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Emblem of the Frogman Corps
|Active||17 June 1957 – present|
|Branch||Royal Danish Navy|
|Part of||Special Operations Command|
Presidential Unit Citation (United States)
|Website||Official Facebook page|
|Chief of SOKOM||Major general Peter Boysen|
|Chief of the Frogman Corps||Commander Jens Bach|
The Frogman Corps (Danish: Frømandskorpset) is the maritime special operations force of the Danish Defence part of Special Operations Command. On 1 July 2015, the Frogman Corps transferred from the Royal Danish Navy to the newly established Special Operations Command.
The Frogman Corps was established on 17 June 1957 based on the model of the United Kingdom Royal Marines Special Boat Company, US Underwater Demolition Team, and Marinejegerkommandoen, in Norway. Initially it was under the Danish Navy's Diving School at Flådestation Holmen (Naval Station Holmen, Copenhagen), but in 1972 it was made an independent unit, operationally under the submarine squadron.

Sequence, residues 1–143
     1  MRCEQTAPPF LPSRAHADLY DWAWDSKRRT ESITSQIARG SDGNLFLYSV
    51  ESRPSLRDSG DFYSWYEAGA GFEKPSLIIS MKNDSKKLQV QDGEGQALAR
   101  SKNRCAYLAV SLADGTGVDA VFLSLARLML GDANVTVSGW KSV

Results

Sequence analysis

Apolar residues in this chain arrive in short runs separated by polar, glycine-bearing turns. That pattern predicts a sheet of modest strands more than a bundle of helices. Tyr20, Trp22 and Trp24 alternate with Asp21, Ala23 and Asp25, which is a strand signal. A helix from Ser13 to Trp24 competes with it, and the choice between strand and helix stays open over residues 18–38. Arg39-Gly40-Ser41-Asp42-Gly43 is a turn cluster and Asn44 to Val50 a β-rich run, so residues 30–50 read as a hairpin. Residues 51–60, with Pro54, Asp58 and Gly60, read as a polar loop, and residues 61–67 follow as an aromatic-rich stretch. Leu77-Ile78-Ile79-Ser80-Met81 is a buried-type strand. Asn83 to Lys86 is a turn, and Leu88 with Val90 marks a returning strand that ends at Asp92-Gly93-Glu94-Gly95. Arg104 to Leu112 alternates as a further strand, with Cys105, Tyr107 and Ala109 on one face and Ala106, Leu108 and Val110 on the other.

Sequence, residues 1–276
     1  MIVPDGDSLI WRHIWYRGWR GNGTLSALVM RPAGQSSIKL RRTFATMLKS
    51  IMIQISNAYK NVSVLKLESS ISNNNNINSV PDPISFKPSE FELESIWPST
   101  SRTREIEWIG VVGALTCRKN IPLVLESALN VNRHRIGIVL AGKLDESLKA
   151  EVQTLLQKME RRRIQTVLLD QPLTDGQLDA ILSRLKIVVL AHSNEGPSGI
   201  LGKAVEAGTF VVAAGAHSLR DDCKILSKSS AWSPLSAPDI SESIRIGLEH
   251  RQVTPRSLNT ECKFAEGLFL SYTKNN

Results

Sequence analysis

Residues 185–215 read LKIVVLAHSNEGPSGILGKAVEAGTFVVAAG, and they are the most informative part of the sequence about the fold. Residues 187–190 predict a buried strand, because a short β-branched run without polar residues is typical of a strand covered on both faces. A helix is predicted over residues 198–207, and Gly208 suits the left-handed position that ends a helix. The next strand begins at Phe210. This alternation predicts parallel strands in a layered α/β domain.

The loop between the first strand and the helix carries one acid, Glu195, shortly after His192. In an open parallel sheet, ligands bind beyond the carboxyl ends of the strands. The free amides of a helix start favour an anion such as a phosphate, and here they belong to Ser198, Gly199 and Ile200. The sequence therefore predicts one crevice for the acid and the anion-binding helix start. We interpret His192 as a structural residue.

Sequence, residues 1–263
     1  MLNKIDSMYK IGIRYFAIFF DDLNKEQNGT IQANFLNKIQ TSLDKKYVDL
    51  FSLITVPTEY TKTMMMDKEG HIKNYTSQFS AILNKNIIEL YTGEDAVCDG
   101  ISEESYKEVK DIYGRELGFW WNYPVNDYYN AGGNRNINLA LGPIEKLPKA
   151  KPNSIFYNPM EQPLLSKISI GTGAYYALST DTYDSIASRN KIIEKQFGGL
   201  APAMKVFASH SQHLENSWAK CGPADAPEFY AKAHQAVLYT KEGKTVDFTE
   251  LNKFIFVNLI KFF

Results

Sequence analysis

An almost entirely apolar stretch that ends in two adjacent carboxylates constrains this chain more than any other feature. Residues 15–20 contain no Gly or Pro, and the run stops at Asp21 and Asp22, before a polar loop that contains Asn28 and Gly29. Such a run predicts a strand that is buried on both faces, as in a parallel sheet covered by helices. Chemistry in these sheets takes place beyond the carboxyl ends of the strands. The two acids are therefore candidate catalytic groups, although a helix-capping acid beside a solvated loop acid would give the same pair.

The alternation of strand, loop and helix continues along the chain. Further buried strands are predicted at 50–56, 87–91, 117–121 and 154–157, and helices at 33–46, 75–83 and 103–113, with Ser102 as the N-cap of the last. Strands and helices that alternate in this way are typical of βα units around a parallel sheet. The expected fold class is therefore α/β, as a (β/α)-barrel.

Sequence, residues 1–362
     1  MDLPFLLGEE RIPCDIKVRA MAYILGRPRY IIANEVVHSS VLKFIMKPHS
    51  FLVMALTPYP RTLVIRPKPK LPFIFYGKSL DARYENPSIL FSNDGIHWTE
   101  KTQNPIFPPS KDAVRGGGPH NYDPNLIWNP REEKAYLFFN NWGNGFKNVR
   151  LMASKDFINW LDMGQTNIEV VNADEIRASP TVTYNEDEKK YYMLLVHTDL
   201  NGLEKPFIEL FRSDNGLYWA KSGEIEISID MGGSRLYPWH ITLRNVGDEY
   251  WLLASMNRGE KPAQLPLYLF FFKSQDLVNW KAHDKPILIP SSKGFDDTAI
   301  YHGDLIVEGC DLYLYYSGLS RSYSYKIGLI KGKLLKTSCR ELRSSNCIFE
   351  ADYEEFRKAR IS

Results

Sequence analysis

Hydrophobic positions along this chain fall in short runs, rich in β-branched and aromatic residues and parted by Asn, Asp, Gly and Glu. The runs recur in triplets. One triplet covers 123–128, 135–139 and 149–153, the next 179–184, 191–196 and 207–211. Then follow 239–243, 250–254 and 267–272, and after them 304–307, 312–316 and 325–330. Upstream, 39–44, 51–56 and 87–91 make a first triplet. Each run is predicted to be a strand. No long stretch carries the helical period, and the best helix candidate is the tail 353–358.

The Frogman Corps' primary role is reconnaissance, but it is also tasked with assaulting enemy ships, sabotage of fixed installations, advanced force and maritime anti-terrorism tasks.
It also performs special operations work on land, including anti-terrorism and anti-criminal work. The Corps supports the police with matters that demand highly specialised diving. Local authorities, etc. can also benefit from the frogman's skills, for example when underwater installations must be inspected.
The Frogman Corps trains at the Torpedo Station at Kongsøre and works through a long series of courses, e.g.:
The basic Frogman Course is nine months. Each year 500–600 applicants start the course and less than a dozen complete all nine months. Since its creation in 1957, 311 have completed the training, and become a Frogman.
From 2008 until the end of 2014, the Frogman Corps was involved in counter-piracy operations as part of Operation Ocean Shield. On 5 February 2010, ten Frogman Corps aboard HDMS Absalon (L16) conducted a counter-piracy mission in the Gulf of Aden approaching the Antigua and Barbuda-flagged merchant vessel Ariella by rigid hull inflatable boat which had been hijacked by six armed Somali pirates. They scaled the side of the ship and freed the 25 crew, who had locked themselves in a secure room, and continued to search the vessel for the pirates who had however fled.
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